(Reuters) - The Baltimore Ravens on Wednesday insisted they did not warn the Indianapolis Colts about deflated footballs before January’s AFC championship involving the New England Patriots.
After defeating the Ravens 35-31 in the divisional round, the Patriots routed the Colts 45-7 using balls inflated below league standards, a scandal widely known as “Deflategate.”
“Prior to the AFC Championship game, no one from the Ravens talked to the Colts about deflated footballs,” the Ravens said in a statement. “We knew nothing of deflated footballs.
“(Ravens head coach) John Harbaugh has been consistent in his answers to reporters about this since he was first asked on NBC-TV at the Super Bowl.”
Patriots quarterback Tom Brady has been suspended by the National Football League for four games for being “generally aware” of the scheme allegedly carried out by two New England equipment managers. Brady, a four-time Super Bowl champion, is taking the case to federal court to fight the penalty.
“I’ve been consistent from the beginning when asked about whether the Ravens tipped off the Colts about deflated footballs,” Harbaugh said on Wednesday. “I’ll say it again – we didn’t.”
In documents released Tuesday, a Colts equipment manager indicated in an email that the Ravens special teams coordinator, Jerry Rossburg, called Colts head coach Chuck Pagano to warn him about the footballs.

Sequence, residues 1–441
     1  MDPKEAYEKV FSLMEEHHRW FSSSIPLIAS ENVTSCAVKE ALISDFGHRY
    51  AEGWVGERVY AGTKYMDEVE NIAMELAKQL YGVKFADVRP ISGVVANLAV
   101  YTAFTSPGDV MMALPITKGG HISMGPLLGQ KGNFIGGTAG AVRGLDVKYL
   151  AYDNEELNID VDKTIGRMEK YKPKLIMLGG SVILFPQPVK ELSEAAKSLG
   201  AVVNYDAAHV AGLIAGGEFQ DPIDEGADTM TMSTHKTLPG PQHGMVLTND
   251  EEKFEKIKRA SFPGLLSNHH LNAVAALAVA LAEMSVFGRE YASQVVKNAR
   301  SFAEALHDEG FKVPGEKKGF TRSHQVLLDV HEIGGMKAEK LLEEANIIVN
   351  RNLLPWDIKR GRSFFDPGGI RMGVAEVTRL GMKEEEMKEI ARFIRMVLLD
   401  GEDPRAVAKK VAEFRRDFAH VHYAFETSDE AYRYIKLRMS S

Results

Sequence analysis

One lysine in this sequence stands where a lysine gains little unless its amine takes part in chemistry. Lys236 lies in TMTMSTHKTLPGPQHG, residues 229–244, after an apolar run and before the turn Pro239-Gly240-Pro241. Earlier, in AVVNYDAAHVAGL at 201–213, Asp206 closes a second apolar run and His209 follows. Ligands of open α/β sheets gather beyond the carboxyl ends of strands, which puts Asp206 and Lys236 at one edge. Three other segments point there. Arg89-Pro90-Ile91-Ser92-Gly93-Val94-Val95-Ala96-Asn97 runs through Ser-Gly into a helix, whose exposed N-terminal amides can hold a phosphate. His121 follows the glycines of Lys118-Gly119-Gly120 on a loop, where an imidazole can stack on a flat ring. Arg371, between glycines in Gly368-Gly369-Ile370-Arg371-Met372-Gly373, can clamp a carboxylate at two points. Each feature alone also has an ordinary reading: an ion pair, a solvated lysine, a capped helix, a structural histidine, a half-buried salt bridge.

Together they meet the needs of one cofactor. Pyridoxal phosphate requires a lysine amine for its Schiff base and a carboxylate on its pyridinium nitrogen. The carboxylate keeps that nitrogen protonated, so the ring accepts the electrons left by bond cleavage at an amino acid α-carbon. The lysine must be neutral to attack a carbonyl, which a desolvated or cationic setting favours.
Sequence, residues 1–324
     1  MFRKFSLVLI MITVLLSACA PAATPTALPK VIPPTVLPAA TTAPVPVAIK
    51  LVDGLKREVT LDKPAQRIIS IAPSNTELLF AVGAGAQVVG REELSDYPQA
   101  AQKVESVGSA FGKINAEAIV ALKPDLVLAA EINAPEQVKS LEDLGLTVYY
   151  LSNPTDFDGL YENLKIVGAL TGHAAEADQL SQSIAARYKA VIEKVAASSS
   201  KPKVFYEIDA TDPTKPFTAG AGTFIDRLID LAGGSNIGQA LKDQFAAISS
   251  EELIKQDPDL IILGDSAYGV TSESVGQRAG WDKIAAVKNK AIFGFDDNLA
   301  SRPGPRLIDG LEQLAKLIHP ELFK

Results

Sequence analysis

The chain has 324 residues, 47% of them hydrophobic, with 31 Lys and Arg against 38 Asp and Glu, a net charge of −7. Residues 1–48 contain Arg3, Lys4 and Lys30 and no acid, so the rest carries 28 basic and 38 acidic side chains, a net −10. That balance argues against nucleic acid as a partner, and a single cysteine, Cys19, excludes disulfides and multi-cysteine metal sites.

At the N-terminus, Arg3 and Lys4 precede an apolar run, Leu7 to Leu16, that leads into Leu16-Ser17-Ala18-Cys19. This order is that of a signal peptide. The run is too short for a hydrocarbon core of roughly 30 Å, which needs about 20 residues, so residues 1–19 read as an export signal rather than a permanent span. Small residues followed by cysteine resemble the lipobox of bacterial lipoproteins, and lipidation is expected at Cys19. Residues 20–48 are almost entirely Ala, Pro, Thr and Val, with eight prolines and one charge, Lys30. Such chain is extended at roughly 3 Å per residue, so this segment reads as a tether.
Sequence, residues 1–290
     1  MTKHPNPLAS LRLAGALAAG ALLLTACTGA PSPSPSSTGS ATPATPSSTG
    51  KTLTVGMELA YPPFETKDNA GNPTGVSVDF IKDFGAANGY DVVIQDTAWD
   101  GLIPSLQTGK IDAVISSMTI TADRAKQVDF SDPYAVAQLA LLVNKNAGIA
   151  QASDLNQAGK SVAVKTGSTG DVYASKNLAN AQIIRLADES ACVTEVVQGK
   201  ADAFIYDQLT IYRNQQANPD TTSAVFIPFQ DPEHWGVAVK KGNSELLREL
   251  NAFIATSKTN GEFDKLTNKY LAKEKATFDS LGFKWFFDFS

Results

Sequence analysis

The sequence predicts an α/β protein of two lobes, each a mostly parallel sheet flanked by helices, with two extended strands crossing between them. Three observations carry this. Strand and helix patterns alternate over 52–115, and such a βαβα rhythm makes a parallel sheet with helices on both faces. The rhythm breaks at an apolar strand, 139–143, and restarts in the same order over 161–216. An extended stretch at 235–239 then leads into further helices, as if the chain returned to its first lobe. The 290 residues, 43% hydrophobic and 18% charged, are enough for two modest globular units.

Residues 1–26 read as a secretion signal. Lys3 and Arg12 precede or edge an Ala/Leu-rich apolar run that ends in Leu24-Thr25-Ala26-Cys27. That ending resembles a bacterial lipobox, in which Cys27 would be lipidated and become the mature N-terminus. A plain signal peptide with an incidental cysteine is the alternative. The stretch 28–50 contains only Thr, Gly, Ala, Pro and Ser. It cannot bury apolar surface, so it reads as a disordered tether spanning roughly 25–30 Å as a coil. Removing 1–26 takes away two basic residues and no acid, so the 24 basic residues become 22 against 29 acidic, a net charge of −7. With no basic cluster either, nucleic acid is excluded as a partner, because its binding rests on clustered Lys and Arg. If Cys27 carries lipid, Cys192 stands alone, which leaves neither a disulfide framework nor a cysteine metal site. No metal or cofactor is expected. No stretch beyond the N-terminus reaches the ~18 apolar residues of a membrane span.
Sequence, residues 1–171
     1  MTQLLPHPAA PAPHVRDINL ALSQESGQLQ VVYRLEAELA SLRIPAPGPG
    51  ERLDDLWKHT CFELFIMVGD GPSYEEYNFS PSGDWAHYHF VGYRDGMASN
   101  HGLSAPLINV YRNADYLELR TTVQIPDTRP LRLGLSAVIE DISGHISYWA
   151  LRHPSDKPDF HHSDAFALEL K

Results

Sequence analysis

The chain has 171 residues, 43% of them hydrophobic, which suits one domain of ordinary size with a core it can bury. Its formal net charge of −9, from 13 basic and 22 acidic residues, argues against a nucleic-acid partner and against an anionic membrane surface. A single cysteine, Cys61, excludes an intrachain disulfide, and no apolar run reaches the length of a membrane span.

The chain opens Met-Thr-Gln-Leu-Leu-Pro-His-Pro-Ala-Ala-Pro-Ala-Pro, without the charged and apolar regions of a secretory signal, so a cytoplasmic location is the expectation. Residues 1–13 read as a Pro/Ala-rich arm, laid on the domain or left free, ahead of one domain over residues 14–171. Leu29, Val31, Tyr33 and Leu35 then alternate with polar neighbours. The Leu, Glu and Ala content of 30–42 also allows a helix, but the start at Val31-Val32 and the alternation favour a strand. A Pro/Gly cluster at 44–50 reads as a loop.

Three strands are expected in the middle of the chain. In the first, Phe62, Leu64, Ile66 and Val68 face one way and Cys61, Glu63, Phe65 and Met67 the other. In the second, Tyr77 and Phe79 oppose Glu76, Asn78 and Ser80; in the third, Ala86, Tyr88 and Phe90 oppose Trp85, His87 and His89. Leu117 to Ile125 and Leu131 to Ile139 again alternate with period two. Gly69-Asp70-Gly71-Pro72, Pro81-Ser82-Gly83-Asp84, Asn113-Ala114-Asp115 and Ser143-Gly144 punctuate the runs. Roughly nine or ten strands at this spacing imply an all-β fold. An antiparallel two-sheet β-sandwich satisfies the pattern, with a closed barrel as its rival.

The Ravens had issues with the footballs in their loss to the Patriots but Harbaugh said it was about kicking balls, not the ones used by Brady. Baltimore released a text message from the team’s kicking consultant, Randy Brown, to Pagano.
“Make sure the refs rotate the kicking balls cause last week they wouldn’t let our ball in the game,” the text said. “Their ball was done so poorly that it was nearly impossible to kick off deep.
“It was hard and not worked in well at all ... Let Tom (McMahon, Colts special teams coordinator) know he can call me at any time.”
Harbaugh, a former special teams coach, said Wednesday he knows “that members of the kicking group from teams talk to their counterparts all the time about conditions, including field, weather and footballs.”
He said Brown’s text “did not complain about anything the Patriots did. The Colts never responded to Randy’s text, and he had no further communications with the Colts on this matter.”
After defeating the Colts, the Patriots went on to win the Super Bowl over the Seattle Seahawks.
Reporting by Steve Ginsburg in Washington; Editing by Bill Trott